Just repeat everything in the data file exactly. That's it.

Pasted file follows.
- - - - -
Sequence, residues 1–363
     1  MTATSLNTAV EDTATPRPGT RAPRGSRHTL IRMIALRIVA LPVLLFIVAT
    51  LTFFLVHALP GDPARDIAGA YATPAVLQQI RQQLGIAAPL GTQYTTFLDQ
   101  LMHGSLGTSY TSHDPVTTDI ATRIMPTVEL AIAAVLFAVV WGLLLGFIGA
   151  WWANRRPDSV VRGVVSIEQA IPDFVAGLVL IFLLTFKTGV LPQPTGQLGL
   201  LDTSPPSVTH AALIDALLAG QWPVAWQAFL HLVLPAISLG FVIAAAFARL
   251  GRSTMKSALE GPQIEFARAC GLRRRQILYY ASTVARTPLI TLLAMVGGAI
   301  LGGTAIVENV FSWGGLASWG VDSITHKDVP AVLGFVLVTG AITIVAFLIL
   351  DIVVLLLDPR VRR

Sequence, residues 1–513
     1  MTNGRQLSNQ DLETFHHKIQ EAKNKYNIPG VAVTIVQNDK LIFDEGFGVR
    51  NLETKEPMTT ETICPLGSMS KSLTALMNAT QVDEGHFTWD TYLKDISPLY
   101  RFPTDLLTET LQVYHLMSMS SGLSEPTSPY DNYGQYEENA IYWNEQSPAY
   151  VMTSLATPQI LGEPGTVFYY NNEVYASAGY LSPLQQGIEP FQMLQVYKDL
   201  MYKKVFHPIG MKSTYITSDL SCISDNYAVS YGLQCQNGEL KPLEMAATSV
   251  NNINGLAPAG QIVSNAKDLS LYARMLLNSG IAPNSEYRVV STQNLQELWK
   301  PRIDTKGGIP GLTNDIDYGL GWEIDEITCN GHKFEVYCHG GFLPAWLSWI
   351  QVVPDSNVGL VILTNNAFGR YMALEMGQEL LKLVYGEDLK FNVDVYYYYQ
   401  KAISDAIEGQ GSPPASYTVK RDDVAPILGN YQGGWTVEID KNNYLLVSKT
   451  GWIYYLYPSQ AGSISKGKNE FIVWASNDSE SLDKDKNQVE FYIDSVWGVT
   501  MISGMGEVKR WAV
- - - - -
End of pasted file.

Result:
Sequence, residues 1–363
     1  MTATSLNTAV EDTATPRPGT RAPRGSRHTL IRMIALRIVA LPVLLFIVAT
    51  LTFFLVHALP GDPARDIAGA YATPAVLQQI RQQLGIAAPL GTQYTTFLDQ
   101  LMHGSLGTSY TSHDPVTTDI ATRIMPTVEL AIAAVLFAVV WGLLLGFIGA
   151  WWANRRPDSV VRGVVSIEQA IPDFVAGLVL IFLLTFKTGV LPQPTGQLGL
   201  LDTSPPSVTH AALIDALLAG QWPVAWQAFL HLVLPAISLG FVIAAAFARL
   251  GRSTMKSALE GPQIEFARAC GLRRRQILYY ASTVARTPLI TLLAMVGGAI
   301  LGGTAIVENV FSWGGLASWG VDSITHKDVP AVLGFVLVTG AITIVAFLIL
   351  DIVVLLLDPR VRR

Sequence, residues 1–513
     1  MTNGRQLSNQ DLETFHHKIQ EAKNKYNIPG VAVTIVQNDK LIFDEGFGVR
    51  NLETKEPMTT ETICPLGSMS KSLTALMNAT QVDEGHFTWD TYLKDISPLY
   101  RFPTDLLTET LQVYHLMSMS SGLSEPTSPY DNYGQYEENA IYWNEQSPAY
   151  VMTSLATPQI LGEPGTVFYY NNEVYASAGY LSPLQQGIEP FQMLQVYKDL
   201  MYKKVFHPIG MKSTYITSDL SCISDNYAVS YGLQCQNGEL KPLEMAATSV
   251  NNINGLAPAG QIVSNAKDLS LYARMLLNSG IAPNSEYRVV STQNLQELWK
   301  PRIDTKGGIP GLTNDIDYGL GWEIDEITCN GHKFEVYCHG GFLPAWLSWI
   351  QVVPDSNVGL VILTNNAFGR YMALEMGQEL LKLVYGEDLK FNVDVYYYYQ
   401  KAISDAIEGQ GSPPASYTVK RDDVAPILGN YQGGWTVEID KNNYLLVSKT
   451  GWIYYLYPSQ AGSISKGKNE FIVWASNDSE SLDKDKNQVE FYIDSVWGVT
   501  MISGMGEVKR WAV